Michael Bushnell

In 1877, wearing a Prince Albert coat and a high silk hat, Dr. T.W. Thornton began his specialized practice in his three-story brick home located at 111 W. 10th Street in downtown Kansas City. As the city’s population grew, so did downtown and in 1885 Thornton was joined by Dr. W.E. Minor, and in 1890, the clinic was moved to a larger three-story brick building at 10th & Oak streets. In the early 1900’s the Sanitarium moved again to the Reliance Building up the street at 10th & McGee.

The specialized practice of treating diseases of the rectum, rupture, and diseases of women continued to flourish, and in 1949, when the partners moved to their final location on Linwood Boulevard and Harrison, over 65,000 patients had been treated.

The six-story Lucerne apartment hotel, previously the Benton Hotel at 911 E. Linwood, was purchased by the partners and renovated into a 300-bed hospital facility. Previously, patients had been forced to stay in nearby hotels, but the Linwood Boulevard property allowed for on-site patient lodging and care.

By the time Thornton & Minor moved to the building, the apartment hotel had an already storied previous life since its construction in 1913. The brainchild of hotelier John H. Van Closter, he hired local architect L. Grant Middaugh to design a “Family Hotel”, as it was identified on the building permit. George L. Brown & Son was hired as the builder and under Middaugh’s direction, employed the latest in fireproof technology, such as concrete footings, structure and foundation, and brick for the exterior walls.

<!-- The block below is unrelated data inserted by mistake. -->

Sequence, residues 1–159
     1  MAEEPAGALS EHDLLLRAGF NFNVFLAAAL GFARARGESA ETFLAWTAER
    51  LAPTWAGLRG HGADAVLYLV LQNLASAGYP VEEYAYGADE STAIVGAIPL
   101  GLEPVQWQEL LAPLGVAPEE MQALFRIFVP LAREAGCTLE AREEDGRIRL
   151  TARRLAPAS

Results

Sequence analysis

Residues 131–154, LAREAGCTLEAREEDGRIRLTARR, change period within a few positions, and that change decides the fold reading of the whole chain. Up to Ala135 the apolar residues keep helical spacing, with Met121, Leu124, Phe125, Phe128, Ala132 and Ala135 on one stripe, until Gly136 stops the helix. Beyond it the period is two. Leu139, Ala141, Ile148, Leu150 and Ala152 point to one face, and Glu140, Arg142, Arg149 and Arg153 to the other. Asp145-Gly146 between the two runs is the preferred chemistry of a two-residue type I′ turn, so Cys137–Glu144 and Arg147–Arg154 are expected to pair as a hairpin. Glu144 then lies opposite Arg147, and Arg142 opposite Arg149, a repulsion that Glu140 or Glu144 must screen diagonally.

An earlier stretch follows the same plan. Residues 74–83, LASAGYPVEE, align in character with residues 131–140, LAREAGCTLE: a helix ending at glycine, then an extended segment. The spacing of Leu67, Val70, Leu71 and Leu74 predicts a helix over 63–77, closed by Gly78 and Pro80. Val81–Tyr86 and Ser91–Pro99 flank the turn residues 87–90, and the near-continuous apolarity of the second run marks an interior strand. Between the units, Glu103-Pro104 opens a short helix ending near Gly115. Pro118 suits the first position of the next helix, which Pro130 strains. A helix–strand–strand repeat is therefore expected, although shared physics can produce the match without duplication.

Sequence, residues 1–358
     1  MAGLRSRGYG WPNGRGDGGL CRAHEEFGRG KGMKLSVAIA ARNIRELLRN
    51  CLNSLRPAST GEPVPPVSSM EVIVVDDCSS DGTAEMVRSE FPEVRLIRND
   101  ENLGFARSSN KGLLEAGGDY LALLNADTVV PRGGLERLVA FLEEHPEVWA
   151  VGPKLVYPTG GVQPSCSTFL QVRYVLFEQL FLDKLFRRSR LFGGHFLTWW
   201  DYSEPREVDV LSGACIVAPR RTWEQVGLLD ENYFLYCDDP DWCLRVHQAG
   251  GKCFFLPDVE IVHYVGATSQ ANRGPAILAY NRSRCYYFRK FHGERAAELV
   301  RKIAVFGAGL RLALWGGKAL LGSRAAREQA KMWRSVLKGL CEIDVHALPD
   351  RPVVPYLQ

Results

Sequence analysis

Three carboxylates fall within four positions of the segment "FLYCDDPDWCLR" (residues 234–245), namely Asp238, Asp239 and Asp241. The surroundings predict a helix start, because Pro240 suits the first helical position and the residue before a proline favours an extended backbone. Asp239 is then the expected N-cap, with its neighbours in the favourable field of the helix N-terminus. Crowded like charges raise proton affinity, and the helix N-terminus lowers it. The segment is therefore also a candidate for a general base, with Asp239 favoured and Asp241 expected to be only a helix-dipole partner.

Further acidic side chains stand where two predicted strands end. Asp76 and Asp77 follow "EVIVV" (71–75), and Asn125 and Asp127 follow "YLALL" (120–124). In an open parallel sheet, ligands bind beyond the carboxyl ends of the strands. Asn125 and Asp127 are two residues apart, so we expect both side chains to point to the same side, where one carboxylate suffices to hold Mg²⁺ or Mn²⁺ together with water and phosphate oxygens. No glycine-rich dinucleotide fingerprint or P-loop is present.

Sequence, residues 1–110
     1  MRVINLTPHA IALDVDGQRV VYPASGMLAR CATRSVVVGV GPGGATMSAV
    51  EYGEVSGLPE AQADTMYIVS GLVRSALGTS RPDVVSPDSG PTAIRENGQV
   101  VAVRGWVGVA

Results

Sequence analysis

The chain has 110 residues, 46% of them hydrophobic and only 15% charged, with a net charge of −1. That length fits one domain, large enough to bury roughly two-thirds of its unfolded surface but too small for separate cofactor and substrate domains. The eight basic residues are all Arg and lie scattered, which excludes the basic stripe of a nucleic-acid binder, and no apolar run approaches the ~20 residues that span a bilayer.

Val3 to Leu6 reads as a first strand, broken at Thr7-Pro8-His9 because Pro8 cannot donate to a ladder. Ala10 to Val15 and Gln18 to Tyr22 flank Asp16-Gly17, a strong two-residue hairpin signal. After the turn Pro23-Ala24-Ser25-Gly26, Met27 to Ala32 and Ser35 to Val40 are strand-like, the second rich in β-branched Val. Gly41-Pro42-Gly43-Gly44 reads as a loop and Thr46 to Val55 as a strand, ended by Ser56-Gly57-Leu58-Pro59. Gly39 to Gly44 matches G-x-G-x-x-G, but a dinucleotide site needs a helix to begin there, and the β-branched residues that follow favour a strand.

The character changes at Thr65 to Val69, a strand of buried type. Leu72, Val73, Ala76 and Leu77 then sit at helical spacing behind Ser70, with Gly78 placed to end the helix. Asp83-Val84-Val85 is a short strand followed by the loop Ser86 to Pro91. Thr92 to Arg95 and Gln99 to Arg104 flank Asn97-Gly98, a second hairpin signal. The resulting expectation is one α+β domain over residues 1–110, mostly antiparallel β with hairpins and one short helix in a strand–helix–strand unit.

The Benton apartment hotel was home to some of Kansas City’s well-heeled population, including a young Dr. T.W. Thornton early in his career. Interestingly, at the time of its completion, there were two Benton Hotels operating in Kansas City, the other being at 301 W. Ninth Street. The downtown Benton sued the upstart for $12,000 for name infringement. The charges were dropped, however, when the Linwood Benton Hotel changed their name to the Lucerne Hotel.

In 1957 Thornton Minor Hospital merged its medical facilities with the McCleary Clinic and moved to Excelsior Springs. Recon Corporation purchased the property in 1958 and converted it to the regional headquarters for the Veteran’s Administration. In 1966 it was converted to a 200-bed nursing facility.

The description on the back of the linen era postcard published by the Allis Press reads: “This modern, fireproof, 275 bed hospital building contains the latest equipment for treatment of rectal and gastro-intestinal diseases. With these facilities Thornton Minor Hospital offers their patients the best treatment and additional conveniences and home-like hospitality.”